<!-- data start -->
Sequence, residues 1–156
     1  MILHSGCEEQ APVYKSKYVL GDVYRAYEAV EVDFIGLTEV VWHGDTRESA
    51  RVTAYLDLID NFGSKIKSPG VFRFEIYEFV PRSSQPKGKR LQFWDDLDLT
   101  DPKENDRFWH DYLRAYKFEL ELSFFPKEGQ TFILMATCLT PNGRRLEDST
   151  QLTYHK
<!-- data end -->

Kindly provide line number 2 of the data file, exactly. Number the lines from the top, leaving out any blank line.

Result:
     1  MILHSGCEEQ APVYKSKYVL GDVYRAYEAV EVDFIGLTEV VWHGDTRESA